Presentation on theme: "Social Studies PowerPoint Lesson ED 639-01 John Harrison 10/23/2002."— Presentation transcript:
Social Studies PowerPoint Lesson ED John Harrison 10/23/2002
The Mound Builder Cultures of Ohio Designed as an Ohio History Unit lesson Grade Level 8
Objectives Students will: 1. Be able to identify the 3 Mound Builder Cultures of the Ohio Valley Region. 2. Be able to identify specific mound constructions in Ohio with the specific culture that built them. 3. Be able to illustrate a timeline of mound builder activities in the Ohio Valley Region.
Materials Needed Clay, cardboard, paint and brushes to construct models of mounds. Notebook and pencil for taking field notes. Camera and film for taking photographs of points of interest on field trips.
Student Activities Students will participate in a day long field trip to Miamisburg Mound Park, Great Serpent Mound State Park, and Ft. Ancient State Park and museum. Students will construct scale models of the Great Serpent Mound and the Miamisburg Mound as a class group project.
Web Sites The Miamisburg Mound Adena Mound State Memorial tate_memorial_.htm tate_memorial_.htm The Ohio Historical Society: Fort Ancient Hopewell Mound Builders Web.Pages/Fall.2001/vanzandt/home.htm Web.Pages/Fall.2001/vanzandt/home.htm American Treasures of the Library of Congress Don Wesley. The Great Serpent Mound
Websites American Treasures of the Library of Congress tml Don Wesley-The Serpent Mound
The Mound Builder Cultures of Ohio There were 3 distinct Mound Builder Cultures in Ohio. They were, in chronological order: The Adena The Hopewell The Fort Ancient People
The Adena Culture The Adena peoples were the first Mound Builder Culture in Ohio. They flourished from approximately 1,000 B.C.E. to the 1 st century of the Common Era. They made highly ornate objects from local stone, such as this pipe in the figure of a man.
Adena Mounds Adena Mounds are large and conical in shape. They were always used as burial mounds. They always contain multiple interments. The largest Adena Mound in Ohio is the Miamisburg Mound, at over 68 feet in height.
The Miamisburg Mound The Miamisburg Mound is the largest Adena mound in the state of Ohio. It is 68 feet tall. It’s conical shape is typical of Adena multiple burial mounds.
The Hopewell Culture The Hopewell Culture was the 2 nd Mound Builder Culture to appear in Ohio. They crafted magnificent ritual and decorative objects from flint, mica, shells, and copper. The Hopewell Culture flourished from approximately 100 B.C.E to around the year 600 of the Common Era. Scholars are still uncertain if the Hopewell were an entirely new people who moved into the Ohio Valley, or a continuation of the previous Adena Culture.
Hopewell Mounds Hopewell burial mounds were small in size, many times only 3 or 4 feet in height. Hopewell burial mounds usually only contain a single interment. In some cases the Hopewell peoples first cremated their dead, and then covered the cremated remains with mounds of earth. Hopewell interments are usually very rich in grave artifacts.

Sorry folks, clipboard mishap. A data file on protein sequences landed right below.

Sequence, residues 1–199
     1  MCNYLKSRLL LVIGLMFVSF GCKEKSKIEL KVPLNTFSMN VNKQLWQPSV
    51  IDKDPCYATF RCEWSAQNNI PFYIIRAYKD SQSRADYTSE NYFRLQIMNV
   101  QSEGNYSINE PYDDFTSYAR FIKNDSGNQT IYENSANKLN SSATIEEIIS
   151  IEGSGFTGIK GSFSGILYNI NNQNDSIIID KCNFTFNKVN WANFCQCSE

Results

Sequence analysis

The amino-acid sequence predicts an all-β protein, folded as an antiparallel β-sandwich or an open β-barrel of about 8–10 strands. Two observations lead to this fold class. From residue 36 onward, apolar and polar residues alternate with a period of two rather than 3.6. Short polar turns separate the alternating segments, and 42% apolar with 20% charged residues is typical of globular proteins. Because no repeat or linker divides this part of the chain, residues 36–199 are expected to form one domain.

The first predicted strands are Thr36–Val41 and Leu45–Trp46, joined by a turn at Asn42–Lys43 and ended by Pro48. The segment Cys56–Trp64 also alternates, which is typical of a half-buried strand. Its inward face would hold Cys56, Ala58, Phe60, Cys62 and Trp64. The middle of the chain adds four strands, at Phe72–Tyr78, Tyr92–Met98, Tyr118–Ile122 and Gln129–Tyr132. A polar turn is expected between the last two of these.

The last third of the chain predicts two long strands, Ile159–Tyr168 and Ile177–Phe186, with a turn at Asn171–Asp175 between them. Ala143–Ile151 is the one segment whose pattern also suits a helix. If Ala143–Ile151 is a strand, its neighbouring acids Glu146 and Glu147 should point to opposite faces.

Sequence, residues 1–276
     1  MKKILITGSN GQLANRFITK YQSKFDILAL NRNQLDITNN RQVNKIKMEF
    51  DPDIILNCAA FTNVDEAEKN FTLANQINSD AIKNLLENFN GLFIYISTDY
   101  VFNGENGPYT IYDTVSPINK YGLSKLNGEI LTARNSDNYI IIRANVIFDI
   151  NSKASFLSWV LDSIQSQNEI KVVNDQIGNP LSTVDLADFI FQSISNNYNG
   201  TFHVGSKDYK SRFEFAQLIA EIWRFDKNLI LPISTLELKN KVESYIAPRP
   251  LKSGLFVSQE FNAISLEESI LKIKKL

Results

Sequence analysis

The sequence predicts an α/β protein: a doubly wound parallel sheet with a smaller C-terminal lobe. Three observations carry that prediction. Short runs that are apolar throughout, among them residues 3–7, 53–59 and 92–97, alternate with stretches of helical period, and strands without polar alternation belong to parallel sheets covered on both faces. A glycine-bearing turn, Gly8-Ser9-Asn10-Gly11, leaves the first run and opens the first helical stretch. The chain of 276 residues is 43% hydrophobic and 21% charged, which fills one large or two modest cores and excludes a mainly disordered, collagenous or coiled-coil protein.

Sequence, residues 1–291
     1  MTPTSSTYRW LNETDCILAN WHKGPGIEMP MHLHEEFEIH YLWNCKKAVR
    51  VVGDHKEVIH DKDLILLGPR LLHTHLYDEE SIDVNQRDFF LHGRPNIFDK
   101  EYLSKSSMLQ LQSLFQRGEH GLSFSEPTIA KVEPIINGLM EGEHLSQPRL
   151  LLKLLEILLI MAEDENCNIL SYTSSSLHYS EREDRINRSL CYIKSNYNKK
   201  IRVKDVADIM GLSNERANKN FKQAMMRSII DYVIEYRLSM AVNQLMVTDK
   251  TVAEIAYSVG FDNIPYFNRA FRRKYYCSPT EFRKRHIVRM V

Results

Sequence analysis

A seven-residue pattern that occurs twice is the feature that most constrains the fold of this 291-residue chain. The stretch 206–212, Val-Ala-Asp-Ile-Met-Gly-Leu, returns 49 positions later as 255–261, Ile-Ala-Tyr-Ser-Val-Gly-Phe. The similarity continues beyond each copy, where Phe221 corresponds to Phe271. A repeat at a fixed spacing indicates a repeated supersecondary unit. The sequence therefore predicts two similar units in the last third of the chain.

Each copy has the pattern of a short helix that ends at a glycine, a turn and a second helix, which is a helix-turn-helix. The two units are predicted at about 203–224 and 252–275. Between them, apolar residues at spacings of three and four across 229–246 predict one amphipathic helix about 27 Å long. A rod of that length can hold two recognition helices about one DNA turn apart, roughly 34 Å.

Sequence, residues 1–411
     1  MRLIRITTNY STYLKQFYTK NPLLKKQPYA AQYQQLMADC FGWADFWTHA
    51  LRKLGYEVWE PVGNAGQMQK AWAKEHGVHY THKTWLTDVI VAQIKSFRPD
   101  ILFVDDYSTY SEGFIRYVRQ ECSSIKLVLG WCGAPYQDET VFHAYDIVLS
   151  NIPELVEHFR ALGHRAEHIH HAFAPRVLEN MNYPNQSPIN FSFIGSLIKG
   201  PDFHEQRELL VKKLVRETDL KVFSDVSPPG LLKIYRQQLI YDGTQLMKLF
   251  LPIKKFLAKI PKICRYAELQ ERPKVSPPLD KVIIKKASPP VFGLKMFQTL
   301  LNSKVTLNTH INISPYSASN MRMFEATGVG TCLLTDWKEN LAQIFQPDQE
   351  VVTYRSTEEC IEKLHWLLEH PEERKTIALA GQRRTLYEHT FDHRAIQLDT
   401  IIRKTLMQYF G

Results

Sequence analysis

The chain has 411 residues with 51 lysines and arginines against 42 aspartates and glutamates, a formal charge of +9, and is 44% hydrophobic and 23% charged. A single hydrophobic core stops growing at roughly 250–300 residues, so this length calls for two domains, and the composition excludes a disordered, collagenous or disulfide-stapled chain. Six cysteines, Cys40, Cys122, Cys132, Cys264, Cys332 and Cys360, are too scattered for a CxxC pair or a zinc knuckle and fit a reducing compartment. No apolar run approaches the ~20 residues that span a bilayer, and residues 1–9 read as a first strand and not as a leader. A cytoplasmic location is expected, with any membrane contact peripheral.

Hopewell Mounds Multiple Hopewell mounds at the Mound City Group are both conical and “loaf” shaped. They are smaller than Adena Mounds
Hopewell Earthworks In addition to burial mounds, the Hopewell peoples also constructed very large geometrically shaped earthworks. These earthworks were constructed of banked earth. They were constructed in circular, square, and octagonal shapes, and sometimes enclosed many acres of land. Scholars believe that these earthworks were used for large ritual gatherings.
The Newark Earthworks An important Hopewell site is the Newark Works, located in Newark, Ohio. The earthworks there include a large circle and octagon construction. Scholars believe the earthworks are oriented to solar and lunar events, such as the solstices and the rising points of the moon.
Newark Circle and Octagon
The Fort Ancient Culture The last Mound Builder culture to inhabit Ohio has been named the Fort Ancient culture, after the construction in Warren County, Ohio, known as Fort Ancient. Fort Ancient has earthen bank walls, but is not laid out in any geometrical shape. The Fort Ancient Culture flourished from approximately 1,000 C.E. to 1500 C.E.
The Great Serpent Mound Besides building enclosed earthen structures such a Fort Ancient, scholars now believe that the Fort Ancient peoples also constructed the Great Serpent Mound, in Adams County, Ohio. The Great Serpent Mound is an effigy mound, constructed of banked earth, in the shape of an uncoiling snake that is preparing to swallow an egg.
The Great Serpent Mound
Conclusion The 3 Mound Builder Cultures were the Adena, the Hopewell, and the Fort Ancient People. From 1,000 B.C.E to 500 C.E., these distinct cultures built earthen constructions in Ohio. The Adena built large conical mounds. The Hopewell built small conical mounds and large geometric earthworks. The Fort Ancient people built embanked non-geometrical enclosures, and the Great Serpent Mound.